I am reading Serre's "Lie algebras and Lie groups" p.103. Let $k$ be a complete valued field(for example $\mathbb{R}$, $\mathbb{C}$, or $\mathbb{Q}_p$) and $R$ be a finite dimensional associative $k$-algebra. Surely $R$ is an additive Lie group. The book asserts that the unit group $G_m(R)$ is a multiplicative Lie group and also contains the proof, but I cannot understand it. I copy the text here.

"We contend that $G_m(R)$ is an analytic group which is open as a subset of $R$. To show that $G_m(R)$ is open in $R$ it suffices to show that there is a neighborhood of $1$ contained in $G_m(R)$. Now, there exists an open neighborhood $U$ of $0$ in $R$ such that for $x \in U$ the series $\sum x^n$ converges. It follows $V=\{1-x:x \in U\} \subset G_m(R)$ and $V$ is a neighborhood of $1$. To show that $G_m(R)$ is an analytic group it remains to show that multiplication is a morphism. This follows since multiplication in $R$ is bilinear."

I cannot understand the first step and the final step:

  1. Why does there exist an open set $U$ which satisfies $\sum x^n$ converges?
  2. Why is multiplication a manifold morphism? (Also, It seems that we need $x\mapsto x^{-1}$ is a morphism.)

From googling, I've found (ex1) of http://www.math.cornell.edu/~sjamaar/classes/6520/problems/2016-10-26.pdf , but still I cannot solve it.

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    $\begingroup$ I thought strategy. Embed $R⊂End_k(R)$ via left multiplication. Then $G_m(R)⊂Aut_k(R)≃GL_n(k)$. The problem reduces to the case of general linear group and it is well-known. Is it correct? $\endgroup$ – MiRi_NaE Jun 1 '18 at 3:08
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    $\begingroup$ I like this idea, it sounds really plausible, but I have two questions (i) to embed, we require $R$ is unital? (ii) where have we used the fact that $R$ is associative? $\endgroup$ – CL. Jan 19 at 22:07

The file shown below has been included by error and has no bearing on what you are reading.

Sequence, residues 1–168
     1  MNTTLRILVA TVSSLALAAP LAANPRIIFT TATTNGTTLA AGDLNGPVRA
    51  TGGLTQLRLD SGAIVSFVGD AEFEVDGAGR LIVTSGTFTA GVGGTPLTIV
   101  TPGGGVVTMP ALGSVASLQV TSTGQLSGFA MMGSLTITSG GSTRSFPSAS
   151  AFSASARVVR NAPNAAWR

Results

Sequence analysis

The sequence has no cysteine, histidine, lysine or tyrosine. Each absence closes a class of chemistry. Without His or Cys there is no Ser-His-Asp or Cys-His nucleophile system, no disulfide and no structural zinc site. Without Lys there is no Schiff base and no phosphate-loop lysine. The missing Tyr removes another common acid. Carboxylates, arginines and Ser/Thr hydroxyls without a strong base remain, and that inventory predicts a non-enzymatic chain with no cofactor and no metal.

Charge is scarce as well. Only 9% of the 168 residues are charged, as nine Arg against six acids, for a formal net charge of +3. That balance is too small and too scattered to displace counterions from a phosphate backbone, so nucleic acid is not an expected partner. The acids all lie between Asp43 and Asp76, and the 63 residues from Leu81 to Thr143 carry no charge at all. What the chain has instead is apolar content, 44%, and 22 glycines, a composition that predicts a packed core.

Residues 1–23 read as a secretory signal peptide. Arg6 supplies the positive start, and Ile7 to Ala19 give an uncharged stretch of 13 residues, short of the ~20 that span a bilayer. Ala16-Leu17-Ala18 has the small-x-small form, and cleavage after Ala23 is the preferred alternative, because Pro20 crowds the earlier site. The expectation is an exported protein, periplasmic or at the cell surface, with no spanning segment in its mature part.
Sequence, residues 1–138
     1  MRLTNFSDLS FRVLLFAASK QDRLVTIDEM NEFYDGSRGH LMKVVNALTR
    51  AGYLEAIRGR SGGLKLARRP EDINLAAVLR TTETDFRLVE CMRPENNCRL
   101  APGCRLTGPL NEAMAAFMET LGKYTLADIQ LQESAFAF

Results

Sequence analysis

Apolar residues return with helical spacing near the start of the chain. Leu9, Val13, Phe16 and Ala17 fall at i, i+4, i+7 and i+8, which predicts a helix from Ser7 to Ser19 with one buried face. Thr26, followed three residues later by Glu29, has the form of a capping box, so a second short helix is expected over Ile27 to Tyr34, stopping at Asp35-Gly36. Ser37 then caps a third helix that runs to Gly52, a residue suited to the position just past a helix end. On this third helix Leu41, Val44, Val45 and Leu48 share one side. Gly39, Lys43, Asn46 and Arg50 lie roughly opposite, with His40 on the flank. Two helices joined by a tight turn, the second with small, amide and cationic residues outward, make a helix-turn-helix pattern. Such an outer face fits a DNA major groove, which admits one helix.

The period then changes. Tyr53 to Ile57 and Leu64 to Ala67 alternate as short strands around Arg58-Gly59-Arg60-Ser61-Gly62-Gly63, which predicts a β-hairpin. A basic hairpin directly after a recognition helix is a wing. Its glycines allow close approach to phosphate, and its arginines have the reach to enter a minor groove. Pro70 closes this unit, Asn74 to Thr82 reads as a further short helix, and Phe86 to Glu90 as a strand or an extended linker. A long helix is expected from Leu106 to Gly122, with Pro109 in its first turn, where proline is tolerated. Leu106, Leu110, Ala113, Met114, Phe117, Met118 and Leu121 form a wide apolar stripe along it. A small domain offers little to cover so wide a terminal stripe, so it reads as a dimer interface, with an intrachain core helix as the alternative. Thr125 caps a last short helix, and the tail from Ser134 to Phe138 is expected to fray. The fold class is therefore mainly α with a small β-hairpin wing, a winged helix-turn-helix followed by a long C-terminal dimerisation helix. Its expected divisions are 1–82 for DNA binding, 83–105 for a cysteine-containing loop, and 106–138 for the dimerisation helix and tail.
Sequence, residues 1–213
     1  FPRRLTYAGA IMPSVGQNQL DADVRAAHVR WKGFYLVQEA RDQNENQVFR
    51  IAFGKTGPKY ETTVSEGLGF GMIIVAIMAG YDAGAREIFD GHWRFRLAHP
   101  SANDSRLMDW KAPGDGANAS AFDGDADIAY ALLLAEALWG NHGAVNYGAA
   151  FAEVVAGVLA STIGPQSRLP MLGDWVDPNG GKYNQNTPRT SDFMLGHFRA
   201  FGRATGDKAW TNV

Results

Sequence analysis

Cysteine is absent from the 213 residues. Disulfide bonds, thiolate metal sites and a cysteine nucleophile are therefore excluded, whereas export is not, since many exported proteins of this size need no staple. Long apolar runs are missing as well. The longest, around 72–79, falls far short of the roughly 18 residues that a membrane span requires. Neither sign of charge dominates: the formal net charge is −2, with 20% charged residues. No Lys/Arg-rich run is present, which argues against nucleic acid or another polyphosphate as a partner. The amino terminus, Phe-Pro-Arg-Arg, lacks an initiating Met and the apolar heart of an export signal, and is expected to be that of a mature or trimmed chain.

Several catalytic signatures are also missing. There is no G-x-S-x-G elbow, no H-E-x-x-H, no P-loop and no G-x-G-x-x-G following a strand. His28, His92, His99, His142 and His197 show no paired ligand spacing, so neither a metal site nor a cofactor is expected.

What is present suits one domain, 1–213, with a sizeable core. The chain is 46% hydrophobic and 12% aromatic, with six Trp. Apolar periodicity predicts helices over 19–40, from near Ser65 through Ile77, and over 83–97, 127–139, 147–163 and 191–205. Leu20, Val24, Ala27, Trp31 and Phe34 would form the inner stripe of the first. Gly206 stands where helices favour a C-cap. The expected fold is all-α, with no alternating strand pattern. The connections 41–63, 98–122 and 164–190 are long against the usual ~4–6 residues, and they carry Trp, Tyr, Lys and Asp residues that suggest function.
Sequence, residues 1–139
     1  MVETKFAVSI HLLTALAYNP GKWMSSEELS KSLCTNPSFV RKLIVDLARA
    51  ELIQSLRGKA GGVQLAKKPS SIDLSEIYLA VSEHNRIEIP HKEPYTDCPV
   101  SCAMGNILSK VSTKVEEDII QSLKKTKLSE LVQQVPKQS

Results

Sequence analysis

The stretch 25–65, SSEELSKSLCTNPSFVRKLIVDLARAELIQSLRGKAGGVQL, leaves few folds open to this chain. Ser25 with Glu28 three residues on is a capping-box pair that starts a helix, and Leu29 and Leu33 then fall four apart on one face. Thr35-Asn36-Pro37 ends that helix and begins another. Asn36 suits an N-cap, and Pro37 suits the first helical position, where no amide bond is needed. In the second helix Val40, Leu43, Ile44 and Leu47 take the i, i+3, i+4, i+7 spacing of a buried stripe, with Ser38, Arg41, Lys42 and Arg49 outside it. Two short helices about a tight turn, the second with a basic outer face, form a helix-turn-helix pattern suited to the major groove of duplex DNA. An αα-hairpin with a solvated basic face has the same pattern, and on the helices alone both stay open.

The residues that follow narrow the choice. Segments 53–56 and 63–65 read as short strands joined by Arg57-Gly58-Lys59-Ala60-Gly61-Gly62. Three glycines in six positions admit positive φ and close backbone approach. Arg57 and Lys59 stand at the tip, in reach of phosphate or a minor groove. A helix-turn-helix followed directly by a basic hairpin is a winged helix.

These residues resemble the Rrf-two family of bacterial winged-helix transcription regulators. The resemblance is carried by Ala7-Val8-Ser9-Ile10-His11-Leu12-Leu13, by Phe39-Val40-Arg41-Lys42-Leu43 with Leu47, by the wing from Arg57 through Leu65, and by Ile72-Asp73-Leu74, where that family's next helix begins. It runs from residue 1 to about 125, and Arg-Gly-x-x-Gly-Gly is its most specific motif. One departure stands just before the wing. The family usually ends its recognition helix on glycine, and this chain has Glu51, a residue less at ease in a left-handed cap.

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    $\begingroup$ @CL. There is no group of units if $R$ is not associative or not unital, so the question wouldn't make sense : these assumptions are implicit in the formulation of the question. In the strategy, $R\subset End_k(R)$ is not even a subalgebra if $R$ is not associative, and $G_m(R)$ not defined $\endgroup$ – Max Jan 20 at 0:15
  • $\begingroup$ The problem with the strategy is that you need to show that the embedding $G_m(R) \to GL_n(k)$ either has an open image, or more generally has a submanifold of $GL_n(k)$ as its image. Neither of these seem obvious to me $\endgroup$ – Max Jan 20 at 0:18
  • $\begingroup$ @Max Sps $R$ is $n$-dimensional. Then $R$ is a closed submanifold of $n^2$-dimensional manifold $End_k(R)$ via the left multiplication as above. Obviously we have $G_m(R) \subset Aut_k(R) \cap R$. We prove the opposite direction. For $z\in Aut_k(R) \cap R$, $z:R\longrightarrow R, x\mapsto zx$ is an isomorphism. Therefore there exists $x\in R$ s.t. $zx=1_R$ and we get $x$ also is in $Aut_k(R) \cap R$, and hence, $xz=1$. In particular $z\in G_m(R)$. $\endgroup$ – MiRi_NaE Jan 20 at 6:11
  1. For $x$ of norm $<1$, $(\displaystyle\sum_{k=0}^n x^k)_n$ is a Cauchy sequence (by the triangle inequality) , thus by completeness of $k$ and finite dimensionality of $R$, it converges in $R$. The open neighbourhood is $||x||<1$.

  2. Multiplication $R\times R\to R$ is bilinear so it must be smooth, thus so is its restriction to $G_m(R)$.

It remains the question of why $x\mapsto x^{-1}$ is smooth. First of all note that for $y=1-x\in V$, $y^{-1}= \sum_n x^n$, so for $y\in V$, $y^{-1}=\sum_n (1-y)^n$, thus the inversion is smooth on a neighbourhood of $1$.

If $x\in G_m(R)$, and $y\in xV$, then $y=xv$ for some $v\in V$ and $y^{-1}= v^{-1}x^{-1}= (\sum_n (1-v)^n)x^n$, so $y^{-1}= (\sum_n (1-x^{-1}y)^n)x^{-1}$ so it is smooth as well

  • $\begingroup$ Can you guarantee that we have an algebra norm $|| \cdot ||$ on $R$? I mean, is it possible to find a norm which satisfies $|| x^2|| \le ||x||^2$? For saying that $\sum_{0\le k\le n} x^k $ is a Cauchy sequence, this is required, I think. $\endgroup$ – MiRi_NaE Jan 20 at 5:30
  • $\begingroup$ It is required indeed; but the embedding $R\to End_k(R)\simeq M_n(k)$, and the fact that norms are equivalent over $R$ ($k$ is complete) provides such a norm by picking one in $M_n(k)$. $\endgroup$ – Max Jan 20 at 11:23

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